Chancellor Rishi Sunak has presented his second Budget after a year of lockdowns, business closures and government spending estimated to be over £400 billion by the end of the financial year. Read on to find out what was covered in the speech.
With pressure to get the economy started again and to repay debt, there has been a lot of speculation as to whether taxes will be increased. The government has pledged to “protect jobs and livelihoods".
The chancellor put forward a three-part plan to:
- Support people and business
- Fix finances
- Build the future economy
The economy and fiscal forecasts
- The economy has shrunk by 10% and is not expected to return to its pre-Covid level until the middle of 2022.
- It is estimated that in five years’ time the economy will still be 3% smaller than it would have been without Covid.
- OBR – Growth forecast: 4% 2021, 7.3% 2022, 1.7% 2023, 1.6% 2024, 1.7% 2025
- Borrowing in 2022 forecast to be £234 billion and then increase by 4.4% in 2023, 3.5% in 2024, 2.9% in 2025 and 2.8% in 2026.
Support people and business
- Extension of the furlough scheme until 30 September 2021. Furloughed employees will continue to receive 80% of current salary, capped at £2,500 a month. Employers will be asked for a contribution of 10% from July and 20% in August and September.
- Self-Employed Income Support Scheme (SEISS) will provide a fourth grant covering February – April 2021 valued at 80% of three months' average trading profits (capped at £7,500). A fifth and final grant covering May – September 2021 will also be available ranging between 30%-80%, which will depend on the increase or decrease of the taxpayer’s average profits. Access to the grants will also be widened, making 600,000 more self-employed people eligible for government help, so long as their 2019/20 self-assessment has been filed.
- Restart grants will be available in April to help businesses that were hardest hit by the lockdown reopen. Non-Essential retailers, which are due to reopen in April, will receive up to £6,000 per premises, while businesses in the hospitality and leisure sectors, which will be closed until June, can apply for a grant of up to £18,000 per premises.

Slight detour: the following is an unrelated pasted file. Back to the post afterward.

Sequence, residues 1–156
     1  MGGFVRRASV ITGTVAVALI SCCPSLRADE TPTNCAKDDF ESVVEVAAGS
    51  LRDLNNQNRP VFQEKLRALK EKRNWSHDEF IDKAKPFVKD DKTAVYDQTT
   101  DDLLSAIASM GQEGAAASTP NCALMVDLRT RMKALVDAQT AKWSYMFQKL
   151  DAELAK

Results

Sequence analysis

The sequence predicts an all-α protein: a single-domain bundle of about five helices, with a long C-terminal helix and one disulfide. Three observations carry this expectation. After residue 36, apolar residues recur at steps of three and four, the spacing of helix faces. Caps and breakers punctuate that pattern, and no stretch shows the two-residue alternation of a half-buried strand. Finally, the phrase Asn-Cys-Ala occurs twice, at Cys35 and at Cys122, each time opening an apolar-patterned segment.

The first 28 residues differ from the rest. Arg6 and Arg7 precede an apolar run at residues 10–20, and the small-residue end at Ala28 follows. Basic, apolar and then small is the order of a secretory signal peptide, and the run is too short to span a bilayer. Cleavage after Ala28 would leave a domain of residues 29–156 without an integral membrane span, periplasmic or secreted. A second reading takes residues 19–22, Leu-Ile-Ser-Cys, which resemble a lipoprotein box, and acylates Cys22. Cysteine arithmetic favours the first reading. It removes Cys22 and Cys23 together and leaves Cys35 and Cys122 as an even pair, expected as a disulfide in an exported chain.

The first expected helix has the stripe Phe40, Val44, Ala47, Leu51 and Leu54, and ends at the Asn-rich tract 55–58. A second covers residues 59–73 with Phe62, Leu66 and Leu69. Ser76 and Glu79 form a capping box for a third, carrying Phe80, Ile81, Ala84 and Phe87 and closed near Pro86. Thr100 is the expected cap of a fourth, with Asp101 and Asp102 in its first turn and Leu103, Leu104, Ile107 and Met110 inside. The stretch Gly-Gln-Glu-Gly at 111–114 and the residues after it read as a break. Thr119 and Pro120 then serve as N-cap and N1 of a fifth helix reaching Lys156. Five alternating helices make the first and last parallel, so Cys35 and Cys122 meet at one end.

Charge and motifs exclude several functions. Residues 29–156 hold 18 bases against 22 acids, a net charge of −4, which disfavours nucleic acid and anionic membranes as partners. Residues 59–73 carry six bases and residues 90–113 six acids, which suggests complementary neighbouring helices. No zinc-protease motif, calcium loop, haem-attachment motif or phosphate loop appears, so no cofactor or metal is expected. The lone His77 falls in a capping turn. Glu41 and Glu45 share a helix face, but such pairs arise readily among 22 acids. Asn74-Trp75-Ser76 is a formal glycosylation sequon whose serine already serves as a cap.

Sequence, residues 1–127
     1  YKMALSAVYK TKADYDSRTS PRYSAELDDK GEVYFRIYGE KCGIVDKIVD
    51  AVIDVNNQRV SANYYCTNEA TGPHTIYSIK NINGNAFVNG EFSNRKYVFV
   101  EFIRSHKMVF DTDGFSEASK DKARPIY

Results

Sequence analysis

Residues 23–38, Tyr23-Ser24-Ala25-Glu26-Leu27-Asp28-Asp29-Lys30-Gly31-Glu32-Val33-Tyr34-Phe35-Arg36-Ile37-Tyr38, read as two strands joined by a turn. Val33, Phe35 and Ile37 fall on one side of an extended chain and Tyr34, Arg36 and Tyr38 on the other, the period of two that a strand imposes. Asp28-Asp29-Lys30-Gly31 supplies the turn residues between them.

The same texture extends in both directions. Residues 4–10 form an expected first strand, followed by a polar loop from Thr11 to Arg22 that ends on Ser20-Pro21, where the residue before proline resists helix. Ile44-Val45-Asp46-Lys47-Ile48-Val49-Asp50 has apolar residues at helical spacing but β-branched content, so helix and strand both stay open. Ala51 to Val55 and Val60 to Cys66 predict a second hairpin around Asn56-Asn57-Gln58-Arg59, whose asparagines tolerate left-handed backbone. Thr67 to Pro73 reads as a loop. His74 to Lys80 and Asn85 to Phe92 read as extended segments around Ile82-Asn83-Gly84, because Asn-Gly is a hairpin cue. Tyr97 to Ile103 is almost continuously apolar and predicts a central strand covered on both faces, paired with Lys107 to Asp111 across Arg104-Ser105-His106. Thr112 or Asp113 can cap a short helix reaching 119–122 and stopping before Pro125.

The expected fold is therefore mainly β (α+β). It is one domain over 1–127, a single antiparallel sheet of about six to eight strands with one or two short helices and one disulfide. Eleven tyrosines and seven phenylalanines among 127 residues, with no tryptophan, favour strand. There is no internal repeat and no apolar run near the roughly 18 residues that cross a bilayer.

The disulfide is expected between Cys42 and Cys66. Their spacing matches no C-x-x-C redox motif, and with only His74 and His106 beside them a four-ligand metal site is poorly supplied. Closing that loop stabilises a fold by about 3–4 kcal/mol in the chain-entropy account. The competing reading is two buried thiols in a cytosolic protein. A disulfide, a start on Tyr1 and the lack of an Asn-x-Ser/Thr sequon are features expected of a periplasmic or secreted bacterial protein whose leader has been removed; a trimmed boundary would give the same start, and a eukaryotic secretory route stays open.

- There will be an extra £700 million of additional support to boost the culture and sporting sectors.
- The 100% business rates holiday will continue to end of June and then be discounted by up to two thirds for the remainder of the tax year.
- The £20 weekly Universal Credit uplift introduced last year will be extended for a further six months.
- The Stamp Duty holiday on properties worth up to £500,000 will be extended to 30 June 2021, then be reduced to £250,000 until 30 September 2021 before reducing to the original amount of £125,000 on 1 October 2021.
- First time buyers will be able to get a mortgage with a 5% deposit.
- A new Recovery Loan Scheme will be set up to get businesses operating again. Businesses can apply for loans from £25,000 to £10 million that will be 80% guaranteed by the government.
- The VAT rate for hospitality will remain at 5% until 30 September 2021, increase to 12.5% until 31 March 2022 and revert to 20% on 1 April 2022.
- Incentives for hiring apprentices will increase to £3,000 per hire.
Fix finances – taxes and duties
- Corporation Tax to increase to 25% for companies with profits over £250,000 in April 2023. There will be a small business rate of 19% where profits are less than £50,000 and a tapering regime for businesses with a profit greater than £50,000 up to a profit of £250,000.
- Companies will be able to carry back losses of up to £2 million for up to three years.
- There will be no rises in income tax, National Insurance or VAT.
- The basic rate income tax threshold will increase to £12,570 and higher rate threshold to £50,270. These will be frozen until 2026.
- National Living Wage to increase to £8.91 from 1 April 2021.
- Planned increase in spirits, beer, wine and cider duty cancelled.
- Fuel duty to be frozen
Build the future economy – investment and environment
- A “super deduction” will be available for the next two years for business investment. A deduction of 130% will be allowable against corporation tax.
- Introduction of green savings bonds giving investors the opportunity to buy into projects dedicated to accelerating the UK’s push to become a net-zero economy.
- New Help to Grow programme to help small and medium sized businesses with executive development (management) and free online advice and reduced software costs (digital).
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